August, Russell elected to microbiology academy
By Tom Fleischman, Cornell Chronicle
Avery August, Ph.D. ’94, deputy provost and professor of microbiology and immunology in the College of Veterinary Medicine, and David Russell, the William Kaplan Professor of Infection Biology in the Department of Microbiology and Immunology (CVM), have been elected to the American Academy of Microbiology, the honorific leadership group within the American Society for Microbiology.
August and Russell are among 65 members of the class of 2023, which brings the total number of academy fellows to more than 2,600. Fellows represent all subspecialties of the microbial sciences and are involved in basic and applied research, teaching, public health, industry and government service.
August, also chair of the Presidential Advisors on Diversity and Equity, and co-chair of the Presidential Task Force on Undergraduate Admissions, studies the regulation of immune responses by intracellular signaling, as well as the role of tyrosine kinases in the regulation of inflammation and anti-inflammation, and in T cell differentiation and memory development, with the goal of using this information to manipulate immune responses. August was recently elected a fellow of the American Association for the Advancement of Science (AAAS), the world’s largest general scientific society.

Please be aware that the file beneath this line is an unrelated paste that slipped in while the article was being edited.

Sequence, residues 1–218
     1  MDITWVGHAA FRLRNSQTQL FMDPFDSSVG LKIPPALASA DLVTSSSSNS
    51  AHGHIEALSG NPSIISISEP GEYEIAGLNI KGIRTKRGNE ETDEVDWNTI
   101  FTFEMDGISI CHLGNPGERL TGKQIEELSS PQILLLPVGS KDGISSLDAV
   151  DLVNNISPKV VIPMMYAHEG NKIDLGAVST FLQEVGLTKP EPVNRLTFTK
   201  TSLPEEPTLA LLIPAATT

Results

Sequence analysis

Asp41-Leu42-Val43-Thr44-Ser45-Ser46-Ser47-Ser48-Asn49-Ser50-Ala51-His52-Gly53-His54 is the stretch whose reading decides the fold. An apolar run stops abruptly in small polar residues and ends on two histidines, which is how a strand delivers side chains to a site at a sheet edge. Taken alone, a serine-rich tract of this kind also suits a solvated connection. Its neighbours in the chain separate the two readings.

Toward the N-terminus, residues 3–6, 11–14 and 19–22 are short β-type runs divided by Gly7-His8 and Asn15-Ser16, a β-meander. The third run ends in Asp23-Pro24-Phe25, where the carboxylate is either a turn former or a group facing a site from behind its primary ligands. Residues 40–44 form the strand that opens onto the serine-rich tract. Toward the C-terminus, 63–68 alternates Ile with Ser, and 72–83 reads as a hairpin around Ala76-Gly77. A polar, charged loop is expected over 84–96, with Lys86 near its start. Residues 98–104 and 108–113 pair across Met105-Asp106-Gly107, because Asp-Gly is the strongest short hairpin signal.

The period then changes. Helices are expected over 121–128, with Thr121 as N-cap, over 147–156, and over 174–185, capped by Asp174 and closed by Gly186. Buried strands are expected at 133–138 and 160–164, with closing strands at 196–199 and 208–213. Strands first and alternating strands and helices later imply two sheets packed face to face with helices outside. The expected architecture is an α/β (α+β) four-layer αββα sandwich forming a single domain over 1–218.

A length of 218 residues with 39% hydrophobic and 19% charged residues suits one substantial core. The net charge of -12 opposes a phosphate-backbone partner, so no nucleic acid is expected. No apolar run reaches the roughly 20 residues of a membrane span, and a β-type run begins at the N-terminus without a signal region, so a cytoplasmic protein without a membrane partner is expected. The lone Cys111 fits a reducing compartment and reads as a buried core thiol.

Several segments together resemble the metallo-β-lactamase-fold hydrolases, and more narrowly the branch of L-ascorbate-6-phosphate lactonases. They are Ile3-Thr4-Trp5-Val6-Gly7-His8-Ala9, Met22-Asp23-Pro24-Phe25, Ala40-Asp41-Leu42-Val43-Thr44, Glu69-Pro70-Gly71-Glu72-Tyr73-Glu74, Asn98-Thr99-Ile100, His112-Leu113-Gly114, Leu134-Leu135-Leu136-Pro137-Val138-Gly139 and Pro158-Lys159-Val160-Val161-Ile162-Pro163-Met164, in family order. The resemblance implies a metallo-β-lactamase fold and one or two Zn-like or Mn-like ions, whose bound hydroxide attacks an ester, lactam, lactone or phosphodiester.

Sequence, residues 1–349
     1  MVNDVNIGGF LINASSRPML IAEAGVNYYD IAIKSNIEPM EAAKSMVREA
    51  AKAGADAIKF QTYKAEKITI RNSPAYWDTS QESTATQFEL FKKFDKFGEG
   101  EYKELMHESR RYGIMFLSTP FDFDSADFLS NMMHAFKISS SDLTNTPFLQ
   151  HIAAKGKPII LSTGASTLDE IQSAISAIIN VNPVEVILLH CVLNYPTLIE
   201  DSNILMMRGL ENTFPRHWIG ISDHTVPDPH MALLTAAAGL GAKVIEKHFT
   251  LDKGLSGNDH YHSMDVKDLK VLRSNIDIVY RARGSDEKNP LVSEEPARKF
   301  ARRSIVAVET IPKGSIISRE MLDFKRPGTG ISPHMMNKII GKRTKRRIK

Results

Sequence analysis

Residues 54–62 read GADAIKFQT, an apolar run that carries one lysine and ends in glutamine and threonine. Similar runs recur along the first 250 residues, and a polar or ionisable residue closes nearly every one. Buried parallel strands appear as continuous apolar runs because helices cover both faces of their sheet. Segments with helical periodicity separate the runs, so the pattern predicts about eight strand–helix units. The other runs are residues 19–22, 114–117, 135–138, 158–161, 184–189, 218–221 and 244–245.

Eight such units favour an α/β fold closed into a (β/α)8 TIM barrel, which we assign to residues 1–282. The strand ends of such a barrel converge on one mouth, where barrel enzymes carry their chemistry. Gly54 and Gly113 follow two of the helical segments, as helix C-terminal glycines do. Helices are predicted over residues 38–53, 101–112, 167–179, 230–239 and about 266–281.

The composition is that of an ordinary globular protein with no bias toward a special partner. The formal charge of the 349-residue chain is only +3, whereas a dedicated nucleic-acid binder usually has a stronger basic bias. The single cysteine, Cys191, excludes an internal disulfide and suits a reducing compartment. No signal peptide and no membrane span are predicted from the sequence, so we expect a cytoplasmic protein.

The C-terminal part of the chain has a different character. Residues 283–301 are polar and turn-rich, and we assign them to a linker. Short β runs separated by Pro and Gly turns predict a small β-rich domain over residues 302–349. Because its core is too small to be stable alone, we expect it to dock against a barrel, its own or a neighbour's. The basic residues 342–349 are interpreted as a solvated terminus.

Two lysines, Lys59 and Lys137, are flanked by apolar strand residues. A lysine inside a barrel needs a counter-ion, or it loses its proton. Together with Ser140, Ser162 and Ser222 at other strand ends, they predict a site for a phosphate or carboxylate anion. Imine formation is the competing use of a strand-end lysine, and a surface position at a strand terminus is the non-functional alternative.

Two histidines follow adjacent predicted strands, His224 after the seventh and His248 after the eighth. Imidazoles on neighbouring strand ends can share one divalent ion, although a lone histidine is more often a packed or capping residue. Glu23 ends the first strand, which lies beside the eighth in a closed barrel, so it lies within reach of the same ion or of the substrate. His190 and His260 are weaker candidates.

Russell, who was elected a fellow of AAAS in 2007, studies the interplay between the macrophage and the intracellular pathogens Mycobacterium tuberculosis (Mtb) and human immunodeficiency virus (HIV). Russell’s lab has also developed an array of fluorescence-based phenotypic screens for drug discovery, including a high-throughput screening platform that enables interrogation of extensive compound libraries against intracellular Mtb. Russell’s drug discovery research was highlighted by Bill Gates in his address at the Grand Challenges annual meeting in Brussels in October. A faculty member at Cornell since 2000, Russell chaired the Department of Microbiology and Immunology from 2000-10.
The American Society for Microbiology is one of the largest professional societies dedicated to the life sciences and is composed of 30,000 scientists and health practitioners. ASM’s mission is to promote and advance the microbial sciences.